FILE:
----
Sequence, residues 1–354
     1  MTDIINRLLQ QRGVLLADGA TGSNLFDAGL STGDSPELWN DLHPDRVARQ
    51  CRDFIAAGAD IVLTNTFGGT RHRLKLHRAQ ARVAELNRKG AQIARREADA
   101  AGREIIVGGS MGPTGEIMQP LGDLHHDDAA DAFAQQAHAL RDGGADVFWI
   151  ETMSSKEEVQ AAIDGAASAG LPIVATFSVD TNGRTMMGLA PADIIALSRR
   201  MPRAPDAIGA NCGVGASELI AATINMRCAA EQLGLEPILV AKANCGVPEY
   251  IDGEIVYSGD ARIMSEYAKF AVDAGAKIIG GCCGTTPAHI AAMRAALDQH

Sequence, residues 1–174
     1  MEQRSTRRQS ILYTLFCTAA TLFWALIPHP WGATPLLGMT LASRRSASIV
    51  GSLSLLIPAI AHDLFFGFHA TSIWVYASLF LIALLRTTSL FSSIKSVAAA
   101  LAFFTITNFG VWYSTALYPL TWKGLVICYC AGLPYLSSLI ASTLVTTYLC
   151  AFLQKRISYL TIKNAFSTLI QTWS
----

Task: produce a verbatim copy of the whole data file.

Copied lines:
Sequence, residues 1–354
     1  MTDIINRLLQ QRGVLLADGA TGSNLFDAGL STGDSPELWN DLHPDRVARQ
    51  CRDFIAAGAD IVLTNTFGGT RHRLKLHRAQ ARVAELNRKG AQIARREADA
   101  AGREIIVGGS MGPTGEIMQP LGDLHHDDAA DAFAQQAHAL RDGGADVFWI
   151  ETMSSKEEVQ AAIDGAASAG LPIVATFSVD TNGRTMMGLA PADIIALSRR
   201  MPRAPDAIGA NCGVGASELI AATINMRCAA EQLGLEPILV AKANCGVPEY
   251  IDGEIVYSGD ARIMSEYAKF AVDAGAKIIG GCCGTTPAHI AAMRAALDQH

Sequence, residues 1–174
     1  MEQRSTRRQS ILYTLFCTAA TLFWALIPHP WGATPLLGMT LASRRSASIV
    51  GSLSLLIPAI AHDLFFGFHA TSIWVYASLF LIALLRTTSL FSSIKSVAAA
   101  LAFFTITNFG VWYSTALYPL TWKGLVICYC AGLPYLSSLI ASTLVTTYLC
   151  AFLQKRISYL TIKNAFSTLI QTWS